Pakistan rearrests ex-president Musharraf over Red Mosque deaths
ISLAMABAD (Reuters) - Pakistan rearrested former president Pervez Musharraf on Thursday after accusations that he was personally responsible for the deaths of more than 100 people when he ordered commandos to storm the Red Mosque in 2007.
The operation at the radical mosque in the capital of Islamabad followed a week-long standoff between the mosque's supporters and security forces.
The rearrest came after Musharraf had been granted bail in three other cases and his lawyer said on Wednesday he was cleared to leave the country.
A complaint against Musharraf in the Red Mosque case was registered last month on the orders of a judge. Police superintendent Mohammed Rizwan said Musharraf had been accused but not formally charged.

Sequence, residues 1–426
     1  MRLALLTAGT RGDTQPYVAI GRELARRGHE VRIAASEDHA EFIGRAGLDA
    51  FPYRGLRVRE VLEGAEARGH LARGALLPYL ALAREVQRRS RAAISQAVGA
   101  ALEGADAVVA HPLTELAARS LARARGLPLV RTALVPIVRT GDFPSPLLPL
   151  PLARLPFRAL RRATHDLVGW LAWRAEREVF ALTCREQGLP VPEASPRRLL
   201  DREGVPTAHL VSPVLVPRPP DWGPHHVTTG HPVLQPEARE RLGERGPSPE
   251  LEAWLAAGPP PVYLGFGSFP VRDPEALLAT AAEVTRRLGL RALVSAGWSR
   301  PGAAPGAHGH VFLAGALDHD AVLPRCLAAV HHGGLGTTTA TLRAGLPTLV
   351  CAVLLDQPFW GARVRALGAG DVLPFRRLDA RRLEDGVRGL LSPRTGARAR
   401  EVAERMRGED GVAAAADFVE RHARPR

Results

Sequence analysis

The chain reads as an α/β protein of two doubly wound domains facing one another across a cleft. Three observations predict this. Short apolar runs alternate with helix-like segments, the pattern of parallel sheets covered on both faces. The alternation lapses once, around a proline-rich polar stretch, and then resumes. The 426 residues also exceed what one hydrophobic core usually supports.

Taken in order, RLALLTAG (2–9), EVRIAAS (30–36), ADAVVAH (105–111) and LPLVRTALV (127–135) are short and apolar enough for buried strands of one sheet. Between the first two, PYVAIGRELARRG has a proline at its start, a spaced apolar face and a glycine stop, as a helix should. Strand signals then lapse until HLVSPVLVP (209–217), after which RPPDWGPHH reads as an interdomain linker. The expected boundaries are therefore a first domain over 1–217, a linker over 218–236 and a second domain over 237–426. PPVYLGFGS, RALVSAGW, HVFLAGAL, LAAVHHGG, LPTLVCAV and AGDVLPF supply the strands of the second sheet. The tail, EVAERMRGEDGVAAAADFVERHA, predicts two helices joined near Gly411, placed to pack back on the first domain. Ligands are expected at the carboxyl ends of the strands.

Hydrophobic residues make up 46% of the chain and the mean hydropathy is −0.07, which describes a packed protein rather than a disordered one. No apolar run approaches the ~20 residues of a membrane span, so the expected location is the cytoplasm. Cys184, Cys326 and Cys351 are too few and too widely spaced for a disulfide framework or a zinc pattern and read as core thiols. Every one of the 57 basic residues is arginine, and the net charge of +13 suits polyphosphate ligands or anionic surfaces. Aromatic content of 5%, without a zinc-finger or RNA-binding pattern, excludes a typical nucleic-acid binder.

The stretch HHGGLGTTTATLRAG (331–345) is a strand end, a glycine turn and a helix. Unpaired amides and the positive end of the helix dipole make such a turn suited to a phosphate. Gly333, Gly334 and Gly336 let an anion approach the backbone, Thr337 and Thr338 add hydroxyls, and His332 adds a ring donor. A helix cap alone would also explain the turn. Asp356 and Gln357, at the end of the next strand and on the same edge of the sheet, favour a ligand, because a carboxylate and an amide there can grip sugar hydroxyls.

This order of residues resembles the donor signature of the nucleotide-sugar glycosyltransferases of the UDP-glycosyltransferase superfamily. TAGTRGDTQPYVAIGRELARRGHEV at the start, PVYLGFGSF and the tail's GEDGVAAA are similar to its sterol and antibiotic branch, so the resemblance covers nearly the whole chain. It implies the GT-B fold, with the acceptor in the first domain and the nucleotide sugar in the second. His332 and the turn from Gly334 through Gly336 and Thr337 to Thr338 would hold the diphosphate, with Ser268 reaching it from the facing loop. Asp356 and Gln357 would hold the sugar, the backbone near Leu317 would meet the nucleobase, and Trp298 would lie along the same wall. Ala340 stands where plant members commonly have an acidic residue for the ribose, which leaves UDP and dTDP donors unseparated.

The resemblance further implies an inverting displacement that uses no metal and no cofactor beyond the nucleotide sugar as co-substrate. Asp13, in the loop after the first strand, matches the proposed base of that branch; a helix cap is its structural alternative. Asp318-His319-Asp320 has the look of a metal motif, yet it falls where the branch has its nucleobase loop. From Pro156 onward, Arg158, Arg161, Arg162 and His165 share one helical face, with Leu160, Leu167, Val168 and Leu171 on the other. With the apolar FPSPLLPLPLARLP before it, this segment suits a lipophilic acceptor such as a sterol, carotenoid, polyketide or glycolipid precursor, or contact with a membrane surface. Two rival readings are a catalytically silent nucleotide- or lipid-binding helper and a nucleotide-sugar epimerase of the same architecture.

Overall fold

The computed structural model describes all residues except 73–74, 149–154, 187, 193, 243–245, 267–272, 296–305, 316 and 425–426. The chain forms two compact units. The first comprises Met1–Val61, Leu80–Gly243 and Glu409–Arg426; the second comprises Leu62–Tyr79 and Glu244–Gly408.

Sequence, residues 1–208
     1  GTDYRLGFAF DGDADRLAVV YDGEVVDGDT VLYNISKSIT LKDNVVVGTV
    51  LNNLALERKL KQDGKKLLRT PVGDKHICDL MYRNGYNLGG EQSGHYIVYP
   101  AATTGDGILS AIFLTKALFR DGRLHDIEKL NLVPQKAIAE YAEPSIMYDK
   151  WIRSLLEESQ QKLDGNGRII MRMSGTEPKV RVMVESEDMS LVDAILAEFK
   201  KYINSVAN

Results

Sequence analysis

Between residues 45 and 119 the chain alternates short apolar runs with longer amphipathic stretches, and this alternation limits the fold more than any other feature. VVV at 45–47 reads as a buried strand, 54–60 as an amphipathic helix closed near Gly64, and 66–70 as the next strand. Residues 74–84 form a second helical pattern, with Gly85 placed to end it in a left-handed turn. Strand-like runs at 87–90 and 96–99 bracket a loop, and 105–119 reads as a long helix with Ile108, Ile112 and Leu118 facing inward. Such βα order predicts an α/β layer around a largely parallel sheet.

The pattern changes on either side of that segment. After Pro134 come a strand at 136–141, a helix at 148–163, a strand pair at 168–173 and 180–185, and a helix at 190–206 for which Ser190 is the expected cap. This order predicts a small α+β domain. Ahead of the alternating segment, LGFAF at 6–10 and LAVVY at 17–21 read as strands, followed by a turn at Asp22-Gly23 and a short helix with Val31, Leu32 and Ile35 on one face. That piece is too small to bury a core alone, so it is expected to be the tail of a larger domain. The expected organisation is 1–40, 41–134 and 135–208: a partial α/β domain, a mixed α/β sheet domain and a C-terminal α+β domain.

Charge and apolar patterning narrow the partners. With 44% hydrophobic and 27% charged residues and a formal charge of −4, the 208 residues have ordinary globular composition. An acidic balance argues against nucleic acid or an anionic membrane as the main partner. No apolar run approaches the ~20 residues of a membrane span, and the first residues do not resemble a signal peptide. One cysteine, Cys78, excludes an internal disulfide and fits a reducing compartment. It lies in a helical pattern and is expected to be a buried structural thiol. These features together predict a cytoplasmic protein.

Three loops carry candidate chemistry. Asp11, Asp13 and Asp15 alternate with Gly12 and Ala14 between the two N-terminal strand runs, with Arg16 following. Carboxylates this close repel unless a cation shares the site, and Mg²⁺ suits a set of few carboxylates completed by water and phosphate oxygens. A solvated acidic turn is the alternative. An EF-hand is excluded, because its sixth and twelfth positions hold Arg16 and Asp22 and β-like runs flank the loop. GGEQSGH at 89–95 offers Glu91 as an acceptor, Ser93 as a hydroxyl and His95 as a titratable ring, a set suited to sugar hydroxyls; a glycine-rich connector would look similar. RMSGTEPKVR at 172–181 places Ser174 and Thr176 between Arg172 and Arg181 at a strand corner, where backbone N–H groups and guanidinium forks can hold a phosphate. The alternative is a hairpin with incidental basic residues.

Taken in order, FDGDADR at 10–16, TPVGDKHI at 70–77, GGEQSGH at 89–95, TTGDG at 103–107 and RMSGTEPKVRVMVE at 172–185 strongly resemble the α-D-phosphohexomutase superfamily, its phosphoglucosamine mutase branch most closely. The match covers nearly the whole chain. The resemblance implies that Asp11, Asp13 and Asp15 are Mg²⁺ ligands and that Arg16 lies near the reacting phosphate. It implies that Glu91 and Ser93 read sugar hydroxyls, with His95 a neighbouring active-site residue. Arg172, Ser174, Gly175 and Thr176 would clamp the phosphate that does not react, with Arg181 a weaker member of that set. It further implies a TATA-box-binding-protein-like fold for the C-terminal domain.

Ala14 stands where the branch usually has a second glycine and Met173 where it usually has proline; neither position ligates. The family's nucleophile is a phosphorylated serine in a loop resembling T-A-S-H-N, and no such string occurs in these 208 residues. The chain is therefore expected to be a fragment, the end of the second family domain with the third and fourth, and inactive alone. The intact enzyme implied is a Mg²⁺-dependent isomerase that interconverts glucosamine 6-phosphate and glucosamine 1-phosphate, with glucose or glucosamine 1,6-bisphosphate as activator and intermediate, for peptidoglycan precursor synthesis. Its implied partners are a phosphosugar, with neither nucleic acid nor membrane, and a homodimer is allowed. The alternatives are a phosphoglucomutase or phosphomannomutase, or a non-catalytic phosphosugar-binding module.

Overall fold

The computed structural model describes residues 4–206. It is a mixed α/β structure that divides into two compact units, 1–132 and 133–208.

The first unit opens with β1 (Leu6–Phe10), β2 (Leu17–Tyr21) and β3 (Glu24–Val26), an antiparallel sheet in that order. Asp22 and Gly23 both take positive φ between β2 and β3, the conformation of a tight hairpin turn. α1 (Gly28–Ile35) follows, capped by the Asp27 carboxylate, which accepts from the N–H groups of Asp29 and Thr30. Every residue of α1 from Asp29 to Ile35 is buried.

Musharraf, then head of the army, took power in a 1999 coup but was ousted by popular protests led by the country's judiciary. He went into exile in 2008 but returned earlier this year in an abortive attempt to launch a political career.
His arrest broke a tradition that Pakistan's powerful army chiefs are never arrested, even after they leave office. The military has ruled Pakistan for more than half of the country's history.
(Reporting by Amjad Ali and Syed Raza Hassan; Editing by Mark Heinrich)
- North Korea's 'reign of terror' worries South's leader
- Google bus blocked in San Francisco gentrification protest
- Los Angeles sheriff's officials charged in jail misconduct probe
- Chinese hackers spied on Europeans before G20 meeting: researcher
- Putin dissolves state news agency, tightens grip on Russia media
Protesters respond to calls to defend their demonstration from possible police intervention. Slideshow